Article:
Nations opposed to deep sea mineral mining and those in favour of exploiting the oceans' depths butted heads in Jamaica on Wednesday, with both sides arguing their position would help protect the planet.
Members of the International Seabed Authority (ISA), a little-known global body tasked with regulating the vast ocean floor, are locked in a heated debate over the future of deep sea mining at their annual meeting in Kingston.
"We cannot and must not embark on a new industrial activity when we are not yet able to fully measure its consequences, and therefore risk irreversible damage to our marine ecosystems," said Herve Berville, French secretary of state for seas.
"Our responsibility is immense, and none of us in this room will be able to say that we were unaware of the collapse of marine biodiversity, the rise in sea level or the sudden increase in ocean temperature," he warned during a debate.
This year's meeting, set to end Friday, comes after a July 9 deadline triggered by the small Pacific state of Nauru.
That legal step has created a new pressure to adopt a deep sea mining code and given fuel to opponents who hope to block the practice outright.
The ISA is made up of 168 member states, as well as the European Union.
Under the UN Convention on the Law of the Sea (UNCLOS), the body is responsible both for protecting the seabed in areas beyond national jurisdiction and for overseeing any exploration or exploitation of resources in those zones.
Some countries want to hurry up and begin retrieving the rock-like "nodules" scattered across the seafloor, which contain minerals important to battery production such as nickel, cobalt and copper.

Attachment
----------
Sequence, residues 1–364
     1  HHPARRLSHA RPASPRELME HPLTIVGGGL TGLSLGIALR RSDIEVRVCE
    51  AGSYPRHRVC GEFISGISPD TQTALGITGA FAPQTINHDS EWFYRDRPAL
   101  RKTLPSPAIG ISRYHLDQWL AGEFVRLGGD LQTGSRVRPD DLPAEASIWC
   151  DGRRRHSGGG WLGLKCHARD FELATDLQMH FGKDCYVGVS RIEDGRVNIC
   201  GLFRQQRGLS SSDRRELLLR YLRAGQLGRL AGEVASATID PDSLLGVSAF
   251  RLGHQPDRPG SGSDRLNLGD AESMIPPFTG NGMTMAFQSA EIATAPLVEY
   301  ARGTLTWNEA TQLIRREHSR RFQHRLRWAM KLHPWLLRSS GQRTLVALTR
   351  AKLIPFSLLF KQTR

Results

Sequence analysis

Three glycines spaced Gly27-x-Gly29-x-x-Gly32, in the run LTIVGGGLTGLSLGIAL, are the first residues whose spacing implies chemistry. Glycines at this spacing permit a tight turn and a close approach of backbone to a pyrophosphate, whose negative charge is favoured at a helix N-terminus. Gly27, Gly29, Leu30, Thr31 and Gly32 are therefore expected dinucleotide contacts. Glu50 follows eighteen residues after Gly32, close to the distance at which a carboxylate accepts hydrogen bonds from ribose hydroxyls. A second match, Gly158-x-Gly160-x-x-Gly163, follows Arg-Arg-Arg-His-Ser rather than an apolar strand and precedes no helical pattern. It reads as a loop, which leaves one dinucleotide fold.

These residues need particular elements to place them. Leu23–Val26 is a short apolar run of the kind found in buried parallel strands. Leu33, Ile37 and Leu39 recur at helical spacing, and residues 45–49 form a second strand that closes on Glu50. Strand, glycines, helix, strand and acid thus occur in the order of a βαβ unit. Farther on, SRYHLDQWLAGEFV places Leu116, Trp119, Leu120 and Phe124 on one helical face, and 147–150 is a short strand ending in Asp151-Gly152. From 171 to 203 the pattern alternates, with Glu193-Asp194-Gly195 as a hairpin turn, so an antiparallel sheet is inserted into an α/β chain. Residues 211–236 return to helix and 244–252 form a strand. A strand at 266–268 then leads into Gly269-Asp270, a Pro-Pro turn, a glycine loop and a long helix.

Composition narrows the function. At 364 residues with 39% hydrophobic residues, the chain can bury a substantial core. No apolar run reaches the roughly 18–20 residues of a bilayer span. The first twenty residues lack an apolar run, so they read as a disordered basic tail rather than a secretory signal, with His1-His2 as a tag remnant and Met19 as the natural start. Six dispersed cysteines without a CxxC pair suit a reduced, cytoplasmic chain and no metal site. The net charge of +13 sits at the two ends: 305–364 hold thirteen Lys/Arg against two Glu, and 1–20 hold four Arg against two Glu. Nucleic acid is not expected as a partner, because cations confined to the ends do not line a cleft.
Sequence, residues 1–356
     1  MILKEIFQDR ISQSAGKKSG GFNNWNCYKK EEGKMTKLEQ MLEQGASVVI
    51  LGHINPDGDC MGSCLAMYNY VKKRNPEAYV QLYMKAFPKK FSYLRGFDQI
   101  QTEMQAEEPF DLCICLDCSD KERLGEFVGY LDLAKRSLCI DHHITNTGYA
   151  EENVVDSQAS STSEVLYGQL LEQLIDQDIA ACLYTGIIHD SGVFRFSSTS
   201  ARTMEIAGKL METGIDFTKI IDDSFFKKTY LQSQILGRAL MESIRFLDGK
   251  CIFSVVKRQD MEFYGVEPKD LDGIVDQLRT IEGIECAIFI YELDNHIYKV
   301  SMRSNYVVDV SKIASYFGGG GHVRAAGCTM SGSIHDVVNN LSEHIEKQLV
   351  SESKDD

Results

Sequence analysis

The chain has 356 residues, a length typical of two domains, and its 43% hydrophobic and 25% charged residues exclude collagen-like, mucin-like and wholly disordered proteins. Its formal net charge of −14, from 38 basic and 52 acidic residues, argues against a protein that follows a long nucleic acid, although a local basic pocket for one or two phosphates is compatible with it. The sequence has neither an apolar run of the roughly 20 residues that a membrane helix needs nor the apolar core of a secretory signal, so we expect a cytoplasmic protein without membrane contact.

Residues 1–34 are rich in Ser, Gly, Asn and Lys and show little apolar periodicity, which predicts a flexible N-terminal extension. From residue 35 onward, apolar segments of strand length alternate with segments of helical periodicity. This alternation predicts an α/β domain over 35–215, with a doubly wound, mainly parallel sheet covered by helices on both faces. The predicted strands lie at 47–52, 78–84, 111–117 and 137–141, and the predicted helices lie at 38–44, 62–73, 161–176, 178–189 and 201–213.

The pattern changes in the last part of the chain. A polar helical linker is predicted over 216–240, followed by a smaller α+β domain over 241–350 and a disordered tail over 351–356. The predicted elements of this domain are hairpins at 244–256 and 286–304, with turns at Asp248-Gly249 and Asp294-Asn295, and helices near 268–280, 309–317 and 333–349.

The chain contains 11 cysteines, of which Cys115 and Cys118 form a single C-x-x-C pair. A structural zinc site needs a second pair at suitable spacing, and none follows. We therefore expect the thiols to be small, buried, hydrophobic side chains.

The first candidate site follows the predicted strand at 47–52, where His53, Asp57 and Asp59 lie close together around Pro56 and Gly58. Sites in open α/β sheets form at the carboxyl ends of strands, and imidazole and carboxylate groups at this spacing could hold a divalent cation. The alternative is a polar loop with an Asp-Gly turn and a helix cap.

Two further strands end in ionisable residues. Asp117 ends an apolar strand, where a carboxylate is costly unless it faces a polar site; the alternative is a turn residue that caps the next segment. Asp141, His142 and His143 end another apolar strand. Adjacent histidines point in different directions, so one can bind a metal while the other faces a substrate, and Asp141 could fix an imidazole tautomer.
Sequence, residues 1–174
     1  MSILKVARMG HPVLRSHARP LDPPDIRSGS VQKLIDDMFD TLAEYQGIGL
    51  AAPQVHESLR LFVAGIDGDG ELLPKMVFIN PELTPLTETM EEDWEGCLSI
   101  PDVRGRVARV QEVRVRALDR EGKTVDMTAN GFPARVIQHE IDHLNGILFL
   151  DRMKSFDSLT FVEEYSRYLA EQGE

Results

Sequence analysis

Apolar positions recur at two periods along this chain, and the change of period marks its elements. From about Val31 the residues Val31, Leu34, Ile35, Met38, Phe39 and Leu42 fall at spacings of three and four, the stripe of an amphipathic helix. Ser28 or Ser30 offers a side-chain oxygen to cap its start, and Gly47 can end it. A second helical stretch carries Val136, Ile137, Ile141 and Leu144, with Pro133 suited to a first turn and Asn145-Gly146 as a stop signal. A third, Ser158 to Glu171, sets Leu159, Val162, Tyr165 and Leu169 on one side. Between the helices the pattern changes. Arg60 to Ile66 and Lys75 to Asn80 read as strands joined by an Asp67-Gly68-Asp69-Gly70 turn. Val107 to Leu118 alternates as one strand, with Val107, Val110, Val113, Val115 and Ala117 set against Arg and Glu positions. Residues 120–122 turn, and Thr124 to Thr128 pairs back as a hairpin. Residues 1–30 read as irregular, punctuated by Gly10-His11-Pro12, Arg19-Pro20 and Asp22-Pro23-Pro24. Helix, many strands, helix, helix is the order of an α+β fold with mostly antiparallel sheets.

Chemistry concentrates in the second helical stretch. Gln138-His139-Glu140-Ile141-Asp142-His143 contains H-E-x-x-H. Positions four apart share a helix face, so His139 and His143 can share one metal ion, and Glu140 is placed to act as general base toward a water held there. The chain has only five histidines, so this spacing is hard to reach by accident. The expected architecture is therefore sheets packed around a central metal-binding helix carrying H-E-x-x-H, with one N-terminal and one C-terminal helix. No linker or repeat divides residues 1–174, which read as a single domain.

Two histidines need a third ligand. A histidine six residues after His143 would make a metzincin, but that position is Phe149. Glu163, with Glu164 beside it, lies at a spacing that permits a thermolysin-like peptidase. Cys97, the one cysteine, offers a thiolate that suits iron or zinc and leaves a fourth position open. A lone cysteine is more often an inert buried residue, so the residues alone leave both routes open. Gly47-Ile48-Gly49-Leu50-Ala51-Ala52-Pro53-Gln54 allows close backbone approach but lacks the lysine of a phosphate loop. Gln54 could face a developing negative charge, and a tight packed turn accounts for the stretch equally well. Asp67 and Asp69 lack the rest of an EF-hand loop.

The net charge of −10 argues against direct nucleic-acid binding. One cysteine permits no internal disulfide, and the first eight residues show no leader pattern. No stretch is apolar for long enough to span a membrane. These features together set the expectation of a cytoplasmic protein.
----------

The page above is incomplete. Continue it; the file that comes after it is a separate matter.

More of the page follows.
"We have a window of opportunity to support the development of a sector that Nauru considers has the potential to help accelerate our energy transition to combat climate change," argued the island nation's president Russ Joseph Kun.
But NGOs and scientists say that trawling the deep seas could destroy habitats and species that may still be unknown or potentially vital to ecosystems.
They also say it risks disrupting the ocean's capacity to absorb carbon dioxide emitted by human activities, and that its noise interferes with the communication of species such as whales.
Around twenty countries, including France, have asked for a "precautionary pause" on deep sea mining, and have recently gained some political momentum.
Greenpeace's Louisa Casson hailed new calls by Brazil and Canada for such a moratorium, telling AFP that "cracks are appearing in what has to date been a fortress for industry interests."
But several countries have resisted hitting the pause button, notably China, which has succeeded thus far in blocking any official debate on the matter.
Mark Brown, the prime minister of the Cook Islands, argued that the "global community needs to use every tool at its disposal" to fight climate change.
But he called for any path forward to be done "responsibly and sustainably for the long-term wellbeing of our people and the preservation of our unique marine environment."
The ISA Council, the decision-making body on contracts, has previously given out several permits for seabed exploration, but with the passing of the July 9 deadline, any member state can now apply for a mining contract for a company it sponsors.
Last week, the 36-member Council gave itself the target of adopting the mining code in 2025, but without agreeing on how to examine contract requests in the meantime, prompting criticism of a "legal vacuum."
Nonetheless, Nauru says it will apply "soon" for a contract for Nori, a subsidiary of Canada's The Metals Company, which seeks to harvest "polymetallic nodules" in the Clarion-Clipperton fracture zone (CCZ) in the Pacific.
In March, however, the ISA Council noted that commercial exploitation "should not be carried out" until a mining code was in place.
The Deep Sea Conservation Coalition's Sofia Tsenikli said Wednesday that Nauru's "ultimatum has not worked out."
"The mining code is far from developed and the majority of states in the council have stated their opposition to mining in the absence of regulations," she added.
Casson of Greenpeace, for her part, viewed the latest developments optimistically, saying "the world is fighting back against deep sea mining."
"There's a big fight ahead, but the fight is on."